American Patriotism in Hyper-Drive

 

by WALTER BRASCH

 

It’s midway between Flag Day and Independence Day.

That means several million copies of full-page flags printed on cheap newsprint, June 14, have been burned, shredded, thrown away, or perhaps recycled. It’s an American tradition.

Flag Day was created by President Wilson in 1916 on the eve of the American entry into World War I. It has since been a day to allow Americans to show how patriotic we have become, and give a running start to celebrating the Revolution by buying banners, fireworks, and charcoal briquettes for the upcoming picnic.

 Within American society is a large class of people who fly flags on 30-foot poles in front of their houses and adorn their cars with flag decals and what they believe are patriotic bumper stickers. They are also quick to let everyone know how patriotic they are, and how much less patriotic the rest of us are. But patriotism is far more than flying flags and shouting about liberty in Tea Party rallies.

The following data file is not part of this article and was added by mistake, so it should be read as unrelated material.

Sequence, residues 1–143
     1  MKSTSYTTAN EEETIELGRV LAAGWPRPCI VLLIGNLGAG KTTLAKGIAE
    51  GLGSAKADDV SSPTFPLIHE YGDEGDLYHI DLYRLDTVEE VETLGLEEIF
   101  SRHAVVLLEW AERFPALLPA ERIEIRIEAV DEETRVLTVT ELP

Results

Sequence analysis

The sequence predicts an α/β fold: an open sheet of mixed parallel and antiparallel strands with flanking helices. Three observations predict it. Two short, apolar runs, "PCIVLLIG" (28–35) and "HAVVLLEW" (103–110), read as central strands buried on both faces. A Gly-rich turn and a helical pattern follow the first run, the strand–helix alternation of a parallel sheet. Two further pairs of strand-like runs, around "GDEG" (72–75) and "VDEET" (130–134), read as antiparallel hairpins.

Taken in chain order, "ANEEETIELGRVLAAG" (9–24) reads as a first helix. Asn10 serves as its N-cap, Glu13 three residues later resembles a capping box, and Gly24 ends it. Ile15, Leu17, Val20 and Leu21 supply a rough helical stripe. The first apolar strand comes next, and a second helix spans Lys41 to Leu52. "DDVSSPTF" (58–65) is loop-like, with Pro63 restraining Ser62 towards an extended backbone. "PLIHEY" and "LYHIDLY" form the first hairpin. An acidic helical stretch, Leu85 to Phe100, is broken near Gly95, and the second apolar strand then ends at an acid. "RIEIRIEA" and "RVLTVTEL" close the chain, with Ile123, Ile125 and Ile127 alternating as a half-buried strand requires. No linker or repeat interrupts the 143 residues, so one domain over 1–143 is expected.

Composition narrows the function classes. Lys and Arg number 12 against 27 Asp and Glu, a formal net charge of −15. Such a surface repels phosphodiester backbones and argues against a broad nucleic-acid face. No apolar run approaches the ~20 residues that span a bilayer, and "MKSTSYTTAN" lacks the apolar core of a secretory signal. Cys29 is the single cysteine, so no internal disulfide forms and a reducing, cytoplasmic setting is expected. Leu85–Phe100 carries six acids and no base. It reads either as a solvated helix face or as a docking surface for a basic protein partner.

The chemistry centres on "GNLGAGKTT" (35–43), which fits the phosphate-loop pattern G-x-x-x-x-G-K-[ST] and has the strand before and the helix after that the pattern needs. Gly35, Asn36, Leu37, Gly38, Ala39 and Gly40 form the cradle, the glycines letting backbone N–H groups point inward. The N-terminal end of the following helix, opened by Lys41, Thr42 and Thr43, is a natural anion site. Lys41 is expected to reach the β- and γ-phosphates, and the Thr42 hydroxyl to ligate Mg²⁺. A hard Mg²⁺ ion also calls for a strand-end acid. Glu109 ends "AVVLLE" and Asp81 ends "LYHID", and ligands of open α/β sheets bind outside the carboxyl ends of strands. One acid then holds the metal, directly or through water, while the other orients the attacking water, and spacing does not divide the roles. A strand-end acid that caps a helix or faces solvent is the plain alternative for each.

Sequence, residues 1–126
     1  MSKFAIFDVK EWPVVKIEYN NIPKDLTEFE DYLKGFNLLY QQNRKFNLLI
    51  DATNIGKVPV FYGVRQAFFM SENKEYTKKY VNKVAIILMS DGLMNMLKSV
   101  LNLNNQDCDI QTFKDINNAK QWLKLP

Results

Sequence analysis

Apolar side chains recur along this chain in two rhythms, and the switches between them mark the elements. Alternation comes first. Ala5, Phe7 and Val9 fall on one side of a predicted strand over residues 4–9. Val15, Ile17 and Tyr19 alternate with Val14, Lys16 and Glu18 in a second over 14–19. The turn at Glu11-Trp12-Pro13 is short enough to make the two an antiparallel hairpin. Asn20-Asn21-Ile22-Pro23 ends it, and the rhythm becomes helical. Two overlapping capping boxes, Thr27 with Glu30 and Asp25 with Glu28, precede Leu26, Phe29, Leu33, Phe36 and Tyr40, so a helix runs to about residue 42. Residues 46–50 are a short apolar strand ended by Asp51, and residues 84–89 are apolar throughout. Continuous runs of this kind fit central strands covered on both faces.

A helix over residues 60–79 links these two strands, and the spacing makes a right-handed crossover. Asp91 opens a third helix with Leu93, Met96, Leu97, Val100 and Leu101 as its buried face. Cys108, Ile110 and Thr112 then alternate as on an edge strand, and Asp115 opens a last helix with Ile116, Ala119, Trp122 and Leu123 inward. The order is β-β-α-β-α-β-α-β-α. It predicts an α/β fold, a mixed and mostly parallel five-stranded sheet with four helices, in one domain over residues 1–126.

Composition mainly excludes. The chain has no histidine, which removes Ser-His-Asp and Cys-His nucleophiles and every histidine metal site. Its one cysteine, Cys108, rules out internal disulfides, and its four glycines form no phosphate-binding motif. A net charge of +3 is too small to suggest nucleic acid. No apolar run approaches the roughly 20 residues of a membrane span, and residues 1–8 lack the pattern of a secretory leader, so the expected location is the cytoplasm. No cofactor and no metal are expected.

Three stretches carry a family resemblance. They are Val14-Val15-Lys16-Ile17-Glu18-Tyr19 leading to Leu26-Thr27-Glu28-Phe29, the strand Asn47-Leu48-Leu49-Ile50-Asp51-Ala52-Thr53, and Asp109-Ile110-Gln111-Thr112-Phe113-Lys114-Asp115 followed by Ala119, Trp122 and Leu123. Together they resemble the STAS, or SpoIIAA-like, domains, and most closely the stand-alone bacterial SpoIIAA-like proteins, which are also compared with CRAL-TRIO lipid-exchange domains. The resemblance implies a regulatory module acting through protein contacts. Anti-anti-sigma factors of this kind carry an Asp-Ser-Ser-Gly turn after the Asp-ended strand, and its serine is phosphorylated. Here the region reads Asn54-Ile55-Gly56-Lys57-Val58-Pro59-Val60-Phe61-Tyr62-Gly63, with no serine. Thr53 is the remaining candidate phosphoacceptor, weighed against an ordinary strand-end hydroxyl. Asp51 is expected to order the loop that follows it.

Find someone wearing socks, T-shirt, bandana, and even a jacket that looks like replicas of the American flag, and you might find a hyper-patriot. Of course, just a few decades ago, they would have spat out their disgust to anti-war protestors or hippies who had so much of a flag patch on their jeans.

Most of these hyper-patriots wrap themselves in the flag and Constitution, but are quick to try to shut off dissent, believe the only true religion is the one they espouse, demand that the police frisk citizens who aren’t White, and declare the Supreme Court is un-American when it doesn’t rule the way they think it should.